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This book presents a comprehensive review of theoretical work on the linguistics and psycholinguistics of compound words and combines it with a series of surveys of compounding in a variety of languages from a wide range of language families. Compounding is an effective way to create and express new meanings. Compound words are segmentable into their constituents so that new items can often be understood on first presentation. However, as keystone, keynote, and keyboard, and breadboard, sandwich-board, and mortarboard show, the relation between components is often far from straightforward. The question then arises as to how far compound sequences are analysed at each encounter and how far they are stored in the brain as single lexical items. The nature and processing of compounds thus offer an unusually direct route to how language operates in the mind, as well as providing the means of investigating important aspects of morphology, and lexical semantics, and insights to child language acquisition and the organization of the mental lexicon. This book is the first to report on the state of the art on these and other central topics, including the classification and typology of compounds, and approaches to cross-linguistic research on the subject from generative and non-generative, synchronic and diachronic perspectives.Biografía del autor:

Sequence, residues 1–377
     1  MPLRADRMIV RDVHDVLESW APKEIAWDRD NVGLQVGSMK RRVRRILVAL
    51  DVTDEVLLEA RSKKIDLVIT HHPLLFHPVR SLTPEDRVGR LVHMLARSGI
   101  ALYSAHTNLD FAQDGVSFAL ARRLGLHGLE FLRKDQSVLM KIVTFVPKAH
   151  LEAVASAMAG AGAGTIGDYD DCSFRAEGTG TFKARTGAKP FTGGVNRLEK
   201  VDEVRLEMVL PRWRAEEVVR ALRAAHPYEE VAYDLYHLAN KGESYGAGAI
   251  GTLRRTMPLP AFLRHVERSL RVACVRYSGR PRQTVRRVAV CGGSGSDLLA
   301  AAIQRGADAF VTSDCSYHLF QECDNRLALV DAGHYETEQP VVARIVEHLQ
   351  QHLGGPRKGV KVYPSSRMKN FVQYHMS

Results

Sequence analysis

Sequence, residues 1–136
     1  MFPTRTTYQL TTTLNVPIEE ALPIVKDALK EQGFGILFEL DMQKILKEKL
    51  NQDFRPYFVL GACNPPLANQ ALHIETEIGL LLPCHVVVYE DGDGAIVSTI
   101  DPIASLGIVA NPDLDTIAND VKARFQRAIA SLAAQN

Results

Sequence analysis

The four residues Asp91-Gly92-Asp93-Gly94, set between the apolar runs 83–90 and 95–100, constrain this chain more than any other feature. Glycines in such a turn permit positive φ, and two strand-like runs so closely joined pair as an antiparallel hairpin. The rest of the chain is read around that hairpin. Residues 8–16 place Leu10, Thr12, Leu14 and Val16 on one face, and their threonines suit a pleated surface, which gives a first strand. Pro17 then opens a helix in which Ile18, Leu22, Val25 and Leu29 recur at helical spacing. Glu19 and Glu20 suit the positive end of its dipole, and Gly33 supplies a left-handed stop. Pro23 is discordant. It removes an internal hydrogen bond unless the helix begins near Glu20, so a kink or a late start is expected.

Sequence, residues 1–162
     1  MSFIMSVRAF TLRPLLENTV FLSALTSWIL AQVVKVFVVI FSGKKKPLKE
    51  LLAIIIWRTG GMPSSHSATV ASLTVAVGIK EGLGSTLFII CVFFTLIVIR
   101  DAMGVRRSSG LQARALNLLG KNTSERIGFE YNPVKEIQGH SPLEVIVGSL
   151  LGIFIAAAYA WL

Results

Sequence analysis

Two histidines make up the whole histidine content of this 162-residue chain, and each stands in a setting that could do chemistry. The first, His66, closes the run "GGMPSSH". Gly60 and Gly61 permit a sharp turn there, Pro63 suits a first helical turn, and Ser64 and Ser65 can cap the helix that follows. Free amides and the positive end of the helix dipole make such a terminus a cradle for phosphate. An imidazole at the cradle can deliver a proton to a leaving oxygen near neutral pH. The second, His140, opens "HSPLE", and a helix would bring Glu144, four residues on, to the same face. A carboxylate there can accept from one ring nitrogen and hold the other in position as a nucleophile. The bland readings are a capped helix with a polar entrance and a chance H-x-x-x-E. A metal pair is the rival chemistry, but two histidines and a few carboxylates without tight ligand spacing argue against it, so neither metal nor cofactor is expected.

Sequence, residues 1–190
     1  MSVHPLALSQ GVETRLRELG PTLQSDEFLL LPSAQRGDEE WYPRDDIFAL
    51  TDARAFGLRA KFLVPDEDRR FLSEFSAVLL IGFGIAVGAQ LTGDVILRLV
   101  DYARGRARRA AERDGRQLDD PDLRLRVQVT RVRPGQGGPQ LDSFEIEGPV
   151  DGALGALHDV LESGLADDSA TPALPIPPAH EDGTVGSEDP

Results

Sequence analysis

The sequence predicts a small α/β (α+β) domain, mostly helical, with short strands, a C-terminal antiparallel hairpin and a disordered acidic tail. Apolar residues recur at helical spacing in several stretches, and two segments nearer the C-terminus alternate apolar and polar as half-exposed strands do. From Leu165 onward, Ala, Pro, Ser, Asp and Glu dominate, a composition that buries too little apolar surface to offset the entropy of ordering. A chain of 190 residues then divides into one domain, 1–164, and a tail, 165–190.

Rochelle Lieber is Professor of Linguistics in the English Department of the University of New Hampshire. She is the author of Morphology and Lexical Semantics (2004), Deconstructing Morphology (1992), An Integrated Theory of Autosegmental Processes (1987), and On the Organization of the Lexicon (1981), as well as numerous articles and book chapters on morphology.
Pavol Stekauer is Professor of English Linguistics in the Department of British and US Studies, Safárik University, Kosice, Slovakia. His main research area is an onomasiological approach to word-formation and word-interpretation. His published works include A Theory of Conversion in English (1996), An Onomasiological Theory of English Word-Formation (1998), and Meaning Predictability in Word Formation (2005).
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